I have a very suburban, landlocked relationship to fish. The fish I've made in the past come in fillet form, perfectly clean, wrapped and ready to go. I've dabbled in sushi grade Tuna and spent one harrowing afternoon trying to hack the skin off a piece of Mahi Mahi, but the bulk of my non-shellfish seafood experience comes in the form of Catfish and Tilapia, nice, easy, and kinda boring. One Whole Foods sale flier later, however, and I decided to tackle whole Branzinos, otherwise known as Mediterranean Sea Bass. Well, I told myself I was going to learn to cook Italian, didn't I?
As part of my research I turned back to the Julia Child DVD I had rented last week, where she did an entire show about fish. Part of this show was to take the camera on location to a french fish market, where a skilled cooking professor demonstrated how to clean a fish in fancy ways. At one point they pulled all the organs out through the gills. On one fish they cut in such a way as to shove its own tail through its mouth (pictured, but I didn't do that.) It was kinda one of the grosser things I had ever seen. Really, all of the fish cleaning looked pretty gross. It was bloody, very bloody, and involved a lot of organ ripping. In shellfish, I am cold blooded about this sort of thing, but in a fish with fins, it was freaking me out. I was relieved to find that most nice fish mongers, including the ones at Whole Foods, will do this for you. Someday I will gather the courage to dissemble my own fish, and I promise to post a disgusting blog about it then. For the moment I just let the fish monger hit on me as he wielded a knife into my fish. Must be the designer boots.
There were a few themes that seemed to repeat as I researched these Euro fish. First, the principals of stuffing them with lemon and herbs. That was an easy idea, and economical as I was roasting a chicken this weekend as well, which involves the same ingredients. The second was the idea of packing it in salt. A lot of salt. Basically making a salt shell around the fish and baking it. I had never heard of this or seen it done, this is not a technique often used in home kitchens of suburbia where I grew up, but it definitely seemed interesting. The principal is to almost build a heat trap around the fish, so it can literally stew in its own juice, along with the lemon and herbs. The principal is not to make a crazy salty fish.
Once the thing is baked, the salt shell is cracked and brushed off the fish, and the skin peels off easily after that. Done right and you should only get mild salt flavoring, which seasons the fish nicely. The best tip I got in making sure this was done right was to cover the belly opening with tin foil, to keep the salt from seeping into the soft flesh. Apparently that can cause a gross amount of salty. Traditionally the entire fish is caked in salt, but the recipe I used called for laying them on parchment paper and only building the shell around the top half. I enjoyed this method, as it wasted less salt and was easier to control where all that salt was going. Has anyone ever tried the full encasing or perhaps made little fish snowmen? Tell me about it in the comments!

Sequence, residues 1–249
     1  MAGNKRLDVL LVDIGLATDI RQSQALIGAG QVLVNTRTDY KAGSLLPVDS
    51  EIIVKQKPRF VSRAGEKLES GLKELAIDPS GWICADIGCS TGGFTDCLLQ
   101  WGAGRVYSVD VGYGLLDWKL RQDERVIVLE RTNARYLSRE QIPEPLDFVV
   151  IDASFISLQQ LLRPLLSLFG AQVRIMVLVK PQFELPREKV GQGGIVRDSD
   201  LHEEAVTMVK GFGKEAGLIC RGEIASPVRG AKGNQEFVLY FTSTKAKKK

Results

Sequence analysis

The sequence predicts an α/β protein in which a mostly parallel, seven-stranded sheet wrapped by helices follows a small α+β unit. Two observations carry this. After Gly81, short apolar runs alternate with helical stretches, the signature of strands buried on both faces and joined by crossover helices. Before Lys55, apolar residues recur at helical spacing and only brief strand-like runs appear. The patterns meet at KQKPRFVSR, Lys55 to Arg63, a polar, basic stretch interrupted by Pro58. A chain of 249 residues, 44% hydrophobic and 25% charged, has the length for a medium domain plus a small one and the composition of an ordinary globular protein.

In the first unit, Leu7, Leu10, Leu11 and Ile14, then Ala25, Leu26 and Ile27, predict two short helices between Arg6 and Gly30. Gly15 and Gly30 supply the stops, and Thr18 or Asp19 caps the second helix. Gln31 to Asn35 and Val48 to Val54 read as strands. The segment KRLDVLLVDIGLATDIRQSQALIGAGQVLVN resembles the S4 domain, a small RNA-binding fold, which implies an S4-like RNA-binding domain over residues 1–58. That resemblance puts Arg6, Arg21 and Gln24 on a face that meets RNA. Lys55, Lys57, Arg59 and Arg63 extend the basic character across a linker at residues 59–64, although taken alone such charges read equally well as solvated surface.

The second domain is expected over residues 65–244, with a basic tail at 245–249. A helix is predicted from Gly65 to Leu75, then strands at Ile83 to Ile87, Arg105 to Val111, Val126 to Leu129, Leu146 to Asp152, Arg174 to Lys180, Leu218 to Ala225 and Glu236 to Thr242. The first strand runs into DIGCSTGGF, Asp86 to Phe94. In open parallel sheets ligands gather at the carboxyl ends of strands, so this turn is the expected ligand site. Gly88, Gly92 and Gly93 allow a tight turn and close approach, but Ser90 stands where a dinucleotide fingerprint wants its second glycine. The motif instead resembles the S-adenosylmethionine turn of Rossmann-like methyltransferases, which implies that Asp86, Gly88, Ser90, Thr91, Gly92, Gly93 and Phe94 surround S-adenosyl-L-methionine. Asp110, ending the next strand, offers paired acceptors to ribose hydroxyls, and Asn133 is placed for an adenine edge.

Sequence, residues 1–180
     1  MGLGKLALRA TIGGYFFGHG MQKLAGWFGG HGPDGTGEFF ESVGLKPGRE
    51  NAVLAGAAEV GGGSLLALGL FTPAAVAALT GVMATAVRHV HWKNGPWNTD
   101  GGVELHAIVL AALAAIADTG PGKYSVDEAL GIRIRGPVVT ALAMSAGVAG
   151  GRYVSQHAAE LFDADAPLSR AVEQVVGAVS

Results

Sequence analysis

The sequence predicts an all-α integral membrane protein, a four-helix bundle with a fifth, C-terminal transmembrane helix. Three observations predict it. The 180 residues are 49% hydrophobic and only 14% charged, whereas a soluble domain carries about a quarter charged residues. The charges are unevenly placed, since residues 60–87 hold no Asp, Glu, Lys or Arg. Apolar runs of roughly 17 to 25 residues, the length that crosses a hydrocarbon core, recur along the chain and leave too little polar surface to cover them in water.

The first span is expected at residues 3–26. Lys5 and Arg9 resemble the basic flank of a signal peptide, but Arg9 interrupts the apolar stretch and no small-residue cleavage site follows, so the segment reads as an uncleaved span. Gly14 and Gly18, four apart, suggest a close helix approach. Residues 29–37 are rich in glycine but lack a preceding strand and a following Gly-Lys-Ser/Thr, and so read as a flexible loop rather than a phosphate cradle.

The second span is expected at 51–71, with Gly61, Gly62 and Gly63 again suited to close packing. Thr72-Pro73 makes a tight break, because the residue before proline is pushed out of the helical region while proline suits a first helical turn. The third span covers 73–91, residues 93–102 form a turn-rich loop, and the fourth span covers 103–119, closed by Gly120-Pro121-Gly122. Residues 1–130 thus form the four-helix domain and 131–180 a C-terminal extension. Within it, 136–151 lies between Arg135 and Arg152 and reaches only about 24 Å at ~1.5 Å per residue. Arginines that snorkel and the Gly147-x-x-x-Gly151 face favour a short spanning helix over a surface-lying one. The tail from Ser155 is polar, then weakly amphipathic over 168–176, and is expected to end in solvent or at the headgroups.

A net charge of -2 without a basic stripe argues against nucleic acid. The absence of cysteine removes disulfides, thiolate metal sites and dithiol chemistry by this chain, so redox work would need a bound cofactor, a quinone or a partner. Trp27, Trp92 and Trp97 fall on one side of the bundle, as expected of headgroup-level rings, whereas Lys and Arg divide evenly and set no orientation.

Salt-Baked Branzino for TwoAdapted from Gourmet Magazine (RIP)Ingredients:-3 Cups Kosher Salt-4 to 5 Large Egg Whites-2 1lb whole branzino, cleaned with head and tails intact-6 fresh parsley sprigs-4 fresh rosemary sprigs-2 garlic cloves, halved-4 lemon slices, halvedDirections:Preheat oven to 400 degrees.Place salt in a medium bowl and add egg whites one at a time, stirring, until the mixture looks like wet sand (the number will vary)Rinse fish and pat dry. (Check for any organs your fish monger might have missed. Ick.) Place fish on a parchment-line baking sheet and divide remaining ingredients between the cavities of fish. Cover the cavity with a strip of tinfoil.Firmly pat half of salt evenly over each fish to cover, leaving only the head and end of the tail exposed.Bake fish in the middle of oven until salt is just starting to turn golden at edges, 15 to 18 minutes. If your fish is heavier then 1 lb., adjust accordingly, giving it an extra 2 to 5 minutes depending on the size.Crack salt away from fish and discard. Use brush to get off any stray salt that scatters onto the fish. Peel back skin and carefully lift fish from the bones.
That "carefully lift fish from the bones" part I'm still getting the hang of. Despite what I feel was a rather impressive extricating of the spine and ribs (are they called ribs on a fish?) we still managed to get some tiny thin bones on our tongues, so devour with caution. The actual fish part, though, was delicious! It was very moist and well seasoned by the lemon and herbs which gave it a rustic but complex flavor. I'm not sure I'd ever eaten a sea bass before now, but I am a convert. I demanded and received accolades. I insisted on being toasted for my frugal fish victory. And meanwhile we devoured every edible part of the once whole fish.
Now if I find a coupon for a whole octopus we could really find out what I'm capable of...